War Diary of a Union Woman in the South
THE FIGHT FOR FOOD AND CLOTHING
April 1.—The last ten days have brought changes in the house. Max R. left with the company to be mustered in, leaving with us his weeping Annie. Hardly were her spirits somewhat composed when her brother arrived from Natchez to take her home. This morning he, Annie, and Reeney, the black handmaiden, posted off. Out of seven of us only H., myself, and Aunt Judy are left. The absence of Reeney will be not the least noted. She was as precious an imp as any Topsy ever was. Her tricks were endless and her innocence of them amazing. When sent out to bring in eggs she would take them from nests where hens were hatching, and embryo chickens would be served up at breakfast, while Reeney stood by grinning to see them opened; but when accused she was imperturbable. “Laws, Mis’ L., I nebber dun bin nigh dem hens. Mis’ Annie, you can go count dem dere eggs.” That when counted they were found minus the number she had brought had no effect on her stolid denial. H. has plenty to do finishing the garden all by himself, but the time rather drags for me.
April13, 1862.—This morning I was sewing up a rent in H.’s garden-coat, when Aunt Judy rushed in.
“Laws! Mis’ L., here ‘s Mr. Max and Mis’ Annie done come back!” A buggy was coming up with Max, Annie, and Reeney.
“Well, is the war over?” I asked.
“Oh, I got sick!” replied our returned soldier, getting slowly out of the buggy.
He was very thin and pale, and explained that he took a severe cold almost at once, had a mild attack of pneumonia, and the surgeon got him his discharge as unfit for service. He succeeded in reaching Annie, and a few days of good care made him strong enough to travel back home.
“I suppose, H., you ‘ye heard that Island No. 10 is gone?”
Yes, we had heard that much, but Max had the particulars, and an exciting talk followed. At night H. said to me, “G., New Orleans will be the next to go, you’ll see, and I want to get there first; this stagnation here will kill me.”
April 28.—This evening has been very lovely, but full of a sad disappointment. H. invited me to drive. As we turned homeward he said:
“Well, my arrangements are completed. You can begin to pack your trunks to-morrow, and I shall have a talk with Max.”
Mr. R. and Annie were sitting on the gallery as I ran up the steps.
“Heard the news?” they cried.
“No! What news?”
“New Orleans is taken! All the boats have been run up the river to save them. No more mails.”
How little they knew what plans of ours this dashed away. But our disappointment is truly an infinitesimal drop in the great waves of triumph and despair surging to-night in thousands of hearts.
April 30.—The last two weeks have glided quietly away without incident except the arrival of new neighbors — Dr. Y., his wife, two children, and servants. That a professional man prospering in Vicksburg should come now to settle in this retired place looks queer. Max said:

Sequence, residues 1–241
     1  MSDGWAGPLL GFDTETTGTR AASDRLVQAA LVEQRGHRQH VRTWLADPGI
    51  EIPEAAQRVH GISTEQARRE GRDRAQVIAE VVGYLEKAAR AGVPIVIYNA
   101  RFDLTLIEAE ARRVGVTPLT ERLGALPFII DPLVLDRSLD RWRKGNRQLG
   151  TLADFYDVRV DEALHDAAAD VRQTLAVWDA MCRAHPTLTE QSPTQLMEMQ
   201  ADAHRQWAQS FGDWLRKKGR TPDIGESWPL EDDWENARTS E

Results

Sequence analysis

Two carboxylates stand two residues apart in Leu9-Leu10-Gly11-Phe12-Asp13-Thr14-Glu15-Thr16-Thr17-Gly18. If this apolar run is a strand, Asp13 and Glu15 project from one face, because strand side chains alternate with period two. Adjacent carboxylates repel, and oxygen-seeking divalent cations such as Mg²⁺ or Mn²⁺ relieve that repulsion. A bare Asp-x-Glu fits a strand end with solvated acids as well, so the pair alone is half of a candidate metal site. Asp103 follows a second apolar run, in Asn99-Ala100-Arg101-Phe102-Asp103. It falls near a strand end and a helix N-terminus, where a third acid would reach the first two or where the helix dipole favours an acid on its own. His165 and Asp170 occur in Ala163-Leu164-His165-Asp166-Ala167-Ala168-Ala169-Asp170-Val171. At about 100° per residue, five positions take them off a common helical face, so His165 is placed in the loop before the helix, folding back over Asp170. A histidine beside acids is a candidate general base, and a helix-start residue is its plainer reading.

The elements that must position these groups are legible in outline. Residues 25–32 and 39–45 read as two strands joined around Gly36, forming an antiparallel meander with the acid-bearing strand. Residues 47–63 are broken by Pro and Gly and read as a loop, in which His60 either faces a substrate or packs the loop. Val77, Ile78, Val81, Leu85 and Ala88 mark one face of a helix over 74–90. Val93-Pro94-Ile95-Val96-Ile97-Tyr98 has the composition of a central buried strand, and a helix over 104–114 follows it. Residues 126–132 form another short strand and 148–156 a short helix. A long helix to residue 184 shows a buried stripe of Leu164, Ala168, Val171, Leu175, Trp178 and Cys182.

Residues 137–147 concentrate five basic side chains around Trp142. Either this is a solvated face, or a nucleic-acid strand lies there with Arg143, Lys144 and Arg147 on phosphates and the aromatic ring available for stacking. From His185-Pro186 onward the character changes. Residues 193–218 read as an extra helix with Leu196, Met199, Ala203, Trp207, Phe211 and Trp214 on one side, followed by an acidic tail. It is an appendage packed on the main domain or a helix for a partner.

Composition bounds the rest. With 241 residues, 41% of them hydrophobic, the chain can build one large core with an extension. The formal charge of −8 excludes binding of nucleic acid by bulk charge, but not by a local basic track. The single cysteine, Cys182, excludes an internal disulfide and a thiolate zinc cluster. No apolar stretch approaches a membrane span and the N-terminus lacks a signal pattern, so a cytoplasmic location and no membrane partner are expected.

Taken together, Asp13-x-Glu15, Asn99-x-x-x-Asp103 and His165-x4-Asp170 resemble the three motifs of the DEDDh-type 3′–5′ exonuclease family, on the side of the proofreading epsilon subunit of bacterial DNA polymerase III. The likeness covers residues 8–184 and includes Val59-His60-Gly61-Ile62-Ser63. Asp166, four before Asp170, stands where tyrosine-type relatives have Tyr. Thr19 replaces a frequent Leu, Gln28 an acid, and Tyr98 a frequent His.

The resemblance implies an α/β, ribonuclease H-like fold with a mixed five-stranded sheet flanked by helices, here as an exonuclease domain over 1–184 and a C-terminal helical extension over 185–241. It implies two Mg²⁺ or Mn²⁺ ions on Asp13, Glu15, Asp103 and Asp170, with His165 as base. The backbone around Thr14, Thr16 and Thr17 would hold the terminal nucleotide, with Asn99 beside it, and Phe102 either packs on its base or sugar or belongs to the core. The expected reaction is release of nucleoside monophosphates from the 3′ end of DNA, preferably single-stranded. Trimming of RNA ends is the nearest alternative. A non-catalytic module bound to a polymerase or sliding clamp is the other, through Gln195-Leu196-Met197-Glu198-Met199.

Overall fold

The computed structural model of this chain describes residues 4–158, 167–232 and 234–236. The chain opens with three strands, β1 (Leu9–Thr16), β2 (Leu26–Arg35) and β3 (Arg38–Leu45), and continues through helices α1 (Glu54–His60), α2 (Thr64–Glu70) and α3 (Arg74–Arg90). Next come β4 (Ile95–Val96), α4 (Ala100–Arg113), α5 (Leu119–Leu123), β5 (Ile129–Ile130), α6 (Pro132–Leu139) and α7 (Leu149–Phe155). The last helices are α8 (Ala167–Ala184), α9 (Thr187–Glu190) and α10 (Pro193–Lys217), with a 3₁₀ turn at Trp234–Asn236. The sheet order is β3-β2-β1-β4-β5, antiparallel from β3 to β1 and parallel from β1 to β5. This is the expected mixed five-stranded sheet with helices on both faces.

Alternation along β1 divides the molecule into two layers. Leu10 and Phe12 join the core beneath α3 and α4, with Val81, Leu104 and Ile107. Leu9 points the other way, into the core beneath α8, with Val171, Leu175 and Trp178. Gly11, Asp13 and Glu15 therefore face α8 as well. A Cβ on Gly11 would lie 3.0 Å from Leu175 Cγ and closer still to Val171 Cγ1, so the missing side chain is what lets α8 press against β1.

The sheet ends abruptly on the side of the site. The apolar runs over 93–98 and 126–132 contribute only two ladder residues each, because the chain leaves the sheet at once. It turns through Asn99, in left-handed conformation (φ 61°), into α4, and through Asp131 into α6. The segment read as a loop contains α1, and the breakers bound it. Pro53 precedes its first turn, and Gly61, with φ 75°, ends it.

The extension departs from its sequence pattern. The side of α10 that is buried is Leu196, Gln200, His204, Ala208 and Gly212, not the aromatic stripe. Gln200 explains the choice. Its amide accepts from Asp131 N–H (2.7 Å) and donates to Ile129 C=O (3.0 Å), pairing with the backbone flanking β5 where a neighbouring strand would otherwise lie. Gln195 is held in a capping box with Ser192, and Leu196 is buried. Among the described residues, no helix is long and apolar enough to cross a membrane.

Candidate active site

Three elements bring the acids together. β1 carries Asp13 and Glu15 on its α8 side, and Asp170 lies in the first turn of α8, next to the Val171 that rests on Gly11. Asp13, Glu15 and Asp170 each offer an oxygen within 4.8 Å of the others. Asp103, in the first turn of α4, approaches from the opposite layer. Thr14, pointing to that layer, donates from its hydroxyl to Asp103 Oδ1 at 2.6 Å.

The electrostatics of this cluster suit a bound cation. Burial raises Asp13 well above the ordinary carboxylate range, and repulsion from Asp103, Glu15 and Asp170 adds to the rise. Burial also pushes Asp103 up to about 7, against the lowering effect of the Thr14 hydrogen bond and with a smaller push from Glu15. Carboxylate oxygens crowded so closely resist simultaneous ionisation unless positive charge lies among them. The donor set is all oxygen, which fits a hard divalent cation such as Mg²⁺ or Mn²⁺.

“H., that man has come here to hide from the conscript officers. He has brought no end of provisions, and is here for the war. He has chosen well, for this county is so cleaned of men it won’t pay to send the conscript officers here.”
Our stores are diminishing and cannot be replenished from without; ingenuity and labor must evoke them. We have a fine garden in growth, plenty of chickens, and hives of bees to furnish honey in lieu of sugar. A good deal of salt meat has been stored in the smokehouse, and, with fish from the lake, we expect to keep the wolf from the door. The season for game is about over, but an occasional squirrel or duck comes to the larder, though the question of ammunition has to be considered. What we have may be all we can have, if the war lasts five years longer; and they say they are prepared to hold out till the crack of doom. Food, however, is not the only want. I never realized before the varied needs of civilization. Every day something is out. Last week but two bars of soap remained, so we began to save bones and ashes. Annie said: “Now, if we only had some chinaberry trees here we shouldn’t need any other grease. They are making splendid soap at Vicksburg with china-balls. They just put the berries into the lye and it eats them right up and makes a fine soap.” I did long for some china-berries to make this experiment. H. had laid in what seemed a good supply of kerosene, but it is nearly gone, and we are down to two candles kept for an emergency. Annie brought a receipt from Natchez for making candles of rosin and wax, and with great forethought brought also the wick and rosin. So yesterday we tried making candles. We had no molds, but Annie said the latest style in Natchez was to make a waxen rope by dipping, then wrap it round a corn-cob. But H. cut smooth blocks of wood about four inches square, into which he set a polished cylinder about four inches high. The waxen ropes were coiled round the cylinder like a serpent, with the head raised about two inches; as the light burned down to the cylinder, more of the rope was unwound. To-day the vinegar was found to be all gone and we have started to make some. For tyros we succeed pretty well.
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